The Difference in Views on Race Relations in America Between W.e.b. Du Bois and Booker T. Washington

February 3, 2021 by Essay Writer

The ideas of W.E.B. Du Bois and Booker T. Washington sit on two different sides of the spectrum for fixing race relations in America following reconstruction. W.E.B. Du Bois ideas for race progression for African Americans were “radical” because he called for political action, persistent agitation, and academic education would be the best way to achieve full citizenship rights for African Americans. Du Bois wanted three main things for African American citizens first, the right to vote second, the education of African American youth, and third he wanted civic equality. While Booker T. Washington’s ideas were “conservative” because he called on white America to provide jobs and industrial-agricultural education for African Americans, then African Americans would have to give up civil rights and social equality. His message to fellow African Americans was that political and social equality is less important than economic respectability and independence. Washington’s leading belief was that if African Americans could prove to whites that they were useful and helpful to the country that they would eventually be treated equally and have the same rights as whites in America.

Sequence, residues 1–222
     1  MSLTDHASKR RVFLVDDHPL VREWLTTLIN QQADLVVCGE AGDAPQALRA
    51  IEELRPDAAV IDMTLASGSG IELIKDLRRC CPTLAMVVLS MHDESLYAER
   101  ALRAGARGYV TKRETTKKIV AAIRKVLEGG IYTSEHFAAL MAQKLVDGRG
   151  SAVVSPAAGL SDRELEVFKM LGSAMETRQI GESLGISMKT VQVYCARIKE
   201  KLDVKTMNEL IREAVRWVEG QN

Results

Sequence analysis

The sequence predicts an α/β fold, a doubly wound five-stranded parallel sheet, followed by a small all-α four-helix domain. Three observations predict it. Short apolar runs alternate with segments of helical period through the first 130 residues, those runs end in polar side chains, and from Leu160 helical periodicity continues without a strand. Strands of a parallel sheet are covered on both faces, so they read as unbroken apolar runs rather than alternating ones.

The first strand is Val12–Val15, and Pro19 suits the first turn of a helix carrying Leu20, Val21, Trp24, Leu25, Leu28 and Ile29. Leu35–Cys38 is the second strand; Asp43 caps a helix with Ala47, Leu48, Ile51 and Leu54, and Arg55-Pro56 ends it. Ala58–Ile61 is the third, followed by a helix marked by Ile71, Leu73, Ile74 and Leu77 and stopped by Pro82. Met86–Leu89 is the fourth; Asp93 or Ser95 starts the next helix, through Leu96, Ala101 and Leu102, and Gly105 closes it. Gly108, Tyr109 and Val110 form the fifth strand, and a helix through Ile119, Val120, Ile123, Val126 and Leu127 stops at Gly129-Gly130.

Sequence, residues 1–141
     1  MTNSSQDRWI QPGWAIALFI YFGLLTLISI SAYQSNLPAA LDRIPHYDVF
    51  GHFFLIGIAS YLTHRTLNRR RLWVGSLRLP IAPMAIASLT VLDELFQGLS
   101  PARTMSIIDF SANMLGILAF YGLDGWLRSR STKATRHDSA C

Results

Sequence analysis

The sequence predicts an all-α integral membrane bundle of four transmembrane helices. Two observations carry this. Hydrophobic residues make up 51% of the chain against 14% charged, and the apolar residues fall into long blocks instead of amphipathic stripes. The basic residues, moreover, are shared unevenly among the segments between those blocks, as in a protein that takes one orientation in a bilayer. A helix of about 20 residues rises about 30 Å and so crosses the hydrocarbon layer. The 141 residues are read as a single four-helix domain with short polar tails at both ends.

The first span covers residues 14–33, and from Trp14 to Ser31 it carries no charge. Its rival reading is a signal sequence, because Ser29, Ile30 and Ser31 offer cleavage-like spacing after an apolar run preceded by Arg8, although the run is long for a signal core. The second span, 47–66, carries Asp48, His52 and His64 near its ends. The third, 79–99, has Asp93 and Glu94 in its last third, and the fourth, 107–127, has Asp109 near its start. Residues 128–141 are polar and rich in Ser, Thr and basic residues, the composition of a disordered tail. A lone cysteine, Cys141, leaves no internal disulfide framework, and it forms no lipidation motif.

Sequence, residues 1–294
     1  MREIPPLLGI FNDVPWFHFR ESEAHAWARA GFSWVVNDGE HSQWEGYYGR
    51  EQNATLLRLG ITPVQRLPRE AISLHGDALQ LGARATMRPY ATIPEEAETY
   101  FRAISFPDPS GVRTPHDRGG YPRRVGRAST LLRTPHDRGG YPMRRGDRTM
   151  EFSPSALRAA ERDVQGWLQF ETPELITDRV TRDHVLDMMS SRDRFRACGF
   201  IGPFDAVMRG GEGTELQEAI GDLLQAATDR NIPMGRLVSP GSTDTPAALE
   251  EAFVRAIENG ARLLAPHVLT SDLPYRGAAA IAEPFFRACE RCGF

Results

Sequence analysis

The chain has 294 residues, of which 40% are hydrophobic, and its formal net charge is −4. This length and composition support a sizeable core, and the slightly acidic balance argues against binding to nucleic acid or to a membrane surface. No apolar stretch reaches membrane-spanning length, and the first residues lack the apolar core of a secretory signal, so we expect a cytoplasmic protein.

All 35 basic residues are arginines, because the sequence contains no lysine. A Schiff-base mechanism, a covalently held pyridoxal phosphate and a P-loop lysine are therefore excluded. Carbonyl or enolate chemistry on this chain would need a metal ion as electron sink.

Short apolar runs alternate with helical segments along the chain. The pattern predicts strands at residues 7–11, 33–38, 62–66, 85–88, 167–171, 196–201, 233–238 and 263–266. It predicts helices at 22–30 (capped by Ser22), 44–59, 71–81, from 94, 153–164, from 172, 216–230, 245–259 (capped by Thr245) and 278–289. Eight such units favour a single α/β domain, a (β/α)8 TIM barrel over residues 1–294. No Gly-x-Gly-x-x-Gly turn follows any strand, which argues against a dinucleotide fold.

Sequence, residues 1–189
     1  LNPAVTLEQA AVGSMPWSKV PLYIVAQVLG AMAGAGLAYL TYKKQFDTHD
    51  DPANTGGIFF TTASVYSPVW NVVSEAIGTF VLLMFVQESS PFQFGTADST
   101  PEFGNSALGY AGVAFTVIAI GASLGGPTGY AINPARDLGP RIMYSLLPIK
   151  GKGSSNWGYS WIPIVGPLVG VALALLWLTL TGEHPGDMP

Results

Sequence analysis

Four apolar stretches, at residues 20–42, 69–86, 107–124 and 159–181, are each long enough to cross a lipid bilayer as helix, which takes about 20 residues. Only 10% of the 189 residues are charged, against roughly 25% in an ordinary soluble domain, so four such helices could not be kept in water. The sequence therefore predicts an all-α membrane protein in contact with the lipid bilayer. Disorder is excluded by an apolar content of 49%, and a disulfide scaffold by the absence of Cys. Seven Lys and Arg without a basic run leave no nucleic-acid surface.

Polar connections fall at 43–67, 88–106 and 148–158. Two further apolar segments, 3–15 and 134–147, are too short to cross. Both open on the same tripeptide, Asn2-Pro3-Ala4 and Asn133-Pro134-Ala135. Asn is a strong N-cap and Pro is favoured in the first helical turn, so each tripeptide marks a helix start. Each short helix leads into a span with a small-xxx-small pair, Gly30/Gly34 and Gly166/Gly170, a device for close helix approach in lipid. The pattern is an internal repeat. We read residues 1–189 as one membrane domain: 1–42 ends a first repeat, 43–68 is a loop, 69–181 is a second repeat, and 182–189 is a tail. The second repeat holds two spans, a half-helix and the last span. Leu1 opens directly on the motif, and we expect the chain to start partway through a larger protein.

W.E.B. Du Bois and Booker T. Washington didn’t disagree on everything they shared common beliefs for the advancement for African Americans for example, both believed that the economic advancement of African Americans was more important than universal manhood suffrage. Both also strongly believed in racial solidarity and economic cooperation. They also both placed a heavy emphasis on self-help and moral improvement. Even though W.E.B. Du Bois heavily disagreed with Booker T. Washington’s ideas he still had a great respect for him. The following quote shows that Dubois had respect for Booker T. Washington ideals when he stated ‘One hesitates, therefore, to criticize a life which beginning with so little, has done so much. And yet the time is come when one may speak in all sincerity and utter courtesy of the mistakes of Mr. Washington’s career as well as of his achievements, without being captious or envious, and without forgetting that it is easier to do ill than well in the world’.